Volume 35, Number 11, November 2000

Saving Up

The Importance of Structural Warm-edge Glazing
by David Mills

The oil-producing countries of the world (OPEC) are once again reminding us who controls the world’s fossil fuel energy resources. Crude oil costs have almost tripled in recent months and show no sign of recoiling soon.

Our consumption of energy and its effect on the environment has decreased dramatically on some of our most energy consuming products. In the past 20 years, for example, the automobile has improved its fuel efficiency by 80 percent, all the while increasing horsepower and performance by 50 percent.
Our energy saving products continue to grow in their development and capabilities. In the window industry, manufacturers of windows and components, code bodies and various industry associations, long have recognized this and continue to focus on energy reduction. It begins with design. For example, the American Institute of Architects (AIA), has established the following creed as its guiding principle:
• Return to well-established methods of design that conserve energy and natural resources.

The Department of Energy (DOE) also follows this path. It has put restrictions on decreasing fossil fuel consumption as it relates to transportation. In addition, they have raised public awareness with the ENERGY STARŪ program and now are focusing on the energy consumed by commercial buildings.
Next to the transportation industry, commercial edifices are the largest consumers of energy in the world. The DOE is in the process of road-mapping an energy reduction strategy for commercial buildings.

According to the DOE, the built environment consumes 30 percent of our country’s energy. The goal of the DOE will be to reduce the energy consumed in commercial buildings by 50 percent, before the year 2010. Windows are the targeted products for improvement. Window manufacturing that utilizes energy enhancing components has become the norm. Thermal graphics show the dramatic improvements when using energy saving components to the manufactured windows (see figure 1). By incorporating these energy saving components into their products, fenestration producers have reduced their products U-Factor from 1.25 Btu /hr ft2 F to as low as .30 Btu /hr ft2 F. Using conservative calculations and entering the data into the software program RESFEN, on a 20-story commercial building the annual savings in energy consumption for this structure alone would exceed $15,000. This applies to only one relatively small structure in a single city; the effects on energy savings are staggering when multiplied throughout the world.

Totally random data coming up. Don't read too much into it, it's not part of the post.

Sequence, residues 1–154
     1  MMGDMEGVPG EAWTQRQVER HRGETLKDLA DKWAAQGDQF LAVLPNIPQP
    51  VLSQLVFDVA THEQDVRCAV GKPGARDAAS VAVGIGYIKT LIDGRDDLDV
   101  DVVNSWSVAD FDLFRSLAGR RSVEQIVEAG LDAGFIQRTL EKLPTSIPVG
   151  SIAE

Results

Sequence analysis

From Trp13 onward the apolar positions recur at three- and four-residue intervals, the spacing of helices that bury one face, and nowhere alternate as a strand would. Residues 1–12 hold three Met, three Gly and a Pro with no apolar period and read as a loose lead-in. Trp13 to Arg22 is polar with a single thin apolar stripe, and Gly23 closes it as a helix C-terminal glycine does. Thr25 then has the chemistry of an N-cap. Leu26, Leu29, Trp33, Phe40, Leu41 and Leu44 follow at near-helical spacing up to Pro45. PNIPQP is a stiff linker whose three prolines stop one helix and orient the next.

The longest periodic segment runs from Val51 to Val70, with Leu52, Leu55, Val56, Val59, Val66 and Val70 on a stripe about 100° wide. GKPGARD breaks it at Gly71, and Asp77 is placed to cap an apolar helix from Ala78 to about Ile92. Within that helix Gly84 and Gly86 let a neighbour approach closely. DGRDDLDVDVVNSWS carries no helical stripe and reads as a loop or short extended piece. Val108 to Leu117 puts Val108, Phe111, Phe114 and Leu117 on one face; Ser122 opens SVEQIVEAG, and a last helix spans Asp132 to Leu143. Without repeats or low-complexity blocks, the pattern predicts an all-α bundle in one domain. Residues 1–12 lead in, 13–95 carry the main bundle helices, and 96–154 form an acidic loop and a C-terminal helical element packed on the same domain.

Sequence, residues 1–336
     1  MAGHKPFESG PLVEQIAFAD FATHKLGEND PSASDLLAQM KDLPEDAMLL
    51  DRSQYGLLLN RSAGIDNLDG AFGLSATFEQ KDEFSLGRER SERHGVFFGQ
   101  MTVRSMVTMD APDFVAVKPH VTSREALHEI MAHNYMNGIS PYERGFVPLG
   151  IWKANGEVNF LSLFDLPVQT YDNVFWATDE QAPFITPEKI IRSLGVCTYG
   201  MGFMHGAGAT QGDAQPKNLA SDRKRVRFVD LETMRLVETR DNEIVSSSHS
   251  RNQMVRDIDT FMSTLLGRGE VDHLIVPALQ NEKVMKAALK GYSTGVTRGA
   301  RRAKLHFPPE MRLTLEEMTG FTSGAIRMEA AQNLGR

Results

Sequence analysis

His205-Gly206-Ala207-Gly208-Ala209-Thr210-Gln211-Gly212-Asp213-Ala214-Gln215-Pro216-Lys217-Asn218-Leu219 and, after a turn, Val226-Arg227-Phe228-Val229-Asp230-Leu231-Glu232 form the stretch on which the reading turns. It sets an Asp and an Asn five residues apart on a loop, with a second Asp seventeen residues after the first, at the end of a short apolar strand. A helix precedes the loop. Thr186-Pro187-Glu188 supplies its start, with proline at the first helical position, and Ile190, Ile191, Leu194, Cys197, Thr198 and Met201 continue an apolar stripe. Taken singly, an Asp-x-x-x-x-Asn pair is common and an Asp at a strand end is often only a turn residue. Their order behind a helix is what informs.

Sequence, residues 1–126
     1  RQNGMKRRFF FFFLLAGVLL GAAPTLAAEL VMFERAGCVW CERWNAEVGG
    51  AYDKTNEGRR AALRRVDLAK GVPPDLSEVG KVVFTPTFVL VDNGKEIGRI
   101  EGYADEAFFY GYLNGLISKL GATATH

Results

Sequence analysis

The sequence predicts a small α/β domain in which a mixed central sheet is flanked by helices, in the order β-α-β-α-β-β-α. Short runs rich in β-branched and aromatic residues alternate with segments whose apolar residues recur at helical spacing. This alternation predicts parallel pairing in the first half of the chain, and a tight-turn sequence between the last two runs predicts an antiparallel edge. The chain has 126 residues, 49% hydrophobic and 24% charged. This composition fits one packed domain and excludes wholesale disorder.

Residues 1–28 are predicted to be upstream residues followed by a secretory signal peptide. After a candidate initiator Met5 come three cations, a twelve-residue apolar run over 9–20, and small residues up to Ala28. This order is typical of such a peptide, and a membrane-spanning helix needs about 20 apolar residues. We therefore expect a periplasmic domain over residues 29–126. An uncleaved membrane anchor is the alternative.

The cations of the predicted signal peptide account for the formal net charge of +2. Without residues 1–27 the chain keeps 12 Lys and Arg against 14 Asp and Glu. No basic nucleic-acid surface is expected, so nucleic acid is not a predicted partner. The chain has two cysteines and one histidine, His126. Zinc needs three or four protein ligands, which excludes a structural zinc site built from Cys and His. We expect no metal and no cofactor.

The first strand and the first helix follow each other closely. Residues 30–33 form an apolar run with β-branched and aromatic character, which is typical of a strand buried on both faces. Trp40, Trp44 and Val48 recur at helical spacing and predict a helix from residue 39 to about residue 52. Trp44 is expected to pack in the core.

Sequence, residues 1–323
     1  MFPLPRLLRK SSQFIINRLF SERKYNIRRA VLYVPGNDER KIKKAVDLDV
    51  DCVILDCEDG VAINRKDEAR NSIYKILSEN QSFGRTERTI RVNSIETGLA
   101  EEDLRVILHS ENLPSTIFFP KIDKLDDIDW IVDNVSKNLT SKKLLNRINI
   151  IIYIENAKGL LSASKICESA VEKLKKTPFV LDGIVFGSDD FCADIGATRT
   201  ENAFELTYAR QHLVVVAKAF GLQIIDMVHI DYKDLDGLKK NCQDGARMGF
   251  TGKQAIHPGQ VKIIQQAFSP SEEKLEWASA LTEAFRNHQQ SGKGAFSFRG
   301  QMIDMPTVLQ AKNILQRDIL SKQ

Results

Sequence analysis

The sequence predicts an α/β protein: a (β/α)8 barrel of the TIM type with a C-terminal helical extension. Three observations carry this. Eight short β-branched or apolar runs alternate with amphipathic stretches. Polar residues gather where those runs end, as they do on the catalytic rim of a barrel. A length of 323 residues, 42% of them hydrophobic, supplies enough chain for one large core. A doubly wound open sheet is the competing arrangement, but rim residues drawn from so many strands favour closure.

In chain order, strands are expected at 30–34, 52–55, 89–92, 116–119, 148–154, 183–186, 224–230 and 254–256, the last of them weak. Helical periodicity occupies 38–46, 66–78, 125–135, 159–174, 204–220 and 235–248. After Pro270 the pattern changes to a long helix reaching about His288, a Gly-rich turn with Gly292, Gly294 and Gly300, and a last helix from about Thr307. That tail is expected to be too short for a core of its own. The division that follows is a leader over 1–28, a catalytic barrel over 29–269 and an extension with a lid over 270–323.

In addition to energy, structural performance in the design and construction of fenestration products in commercial buildings is of prime concern. The windows and insulating glass units must be designed to withstand greater wind loads, deflection and stresses not found in non-commercial construction. Framing materials usually are made of thermally-improved aluminum—long known for its lightweight, extremely high structural performance and its energy efficiency.
Insulating spacers can have a big impact on the overall performance of the insulating glass, both in U-Factor and condensation resistance. All warm-edge spacers provide energy saving benefits. The concern for commercial construction comes when structural requirements, which take into account wind loads and structural stability of the overall unit, need to be considered. They must withstand the rigors of testing to ensure the structural integrity of the overall unit. There are a limited number of warm-edge products on the market today that also improve the structural capabilities of the overall unit. Deflection and compression need to be taken into account. Simple calculations can reveal the properties of these products (as in figures 2 and 3).
These spacer products not only provide the warm-edge benefits for energy and condensation improvements, they provide even more improved structural performance than conventional aluminum spacers. The addition of a structural polyurethane provides the needed warm-edge requirements and allows for added structural performance at the severe conditions that are encountered in the most monumental buildings.

As we move into the next cycle of energy conservation, the commercial construction industry is ready and able to provide the products necessary to help us continue our path of independence from foreign energy producing nations.

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David Mills is president of AZON USA INC. located in Kalamazoo, Mich.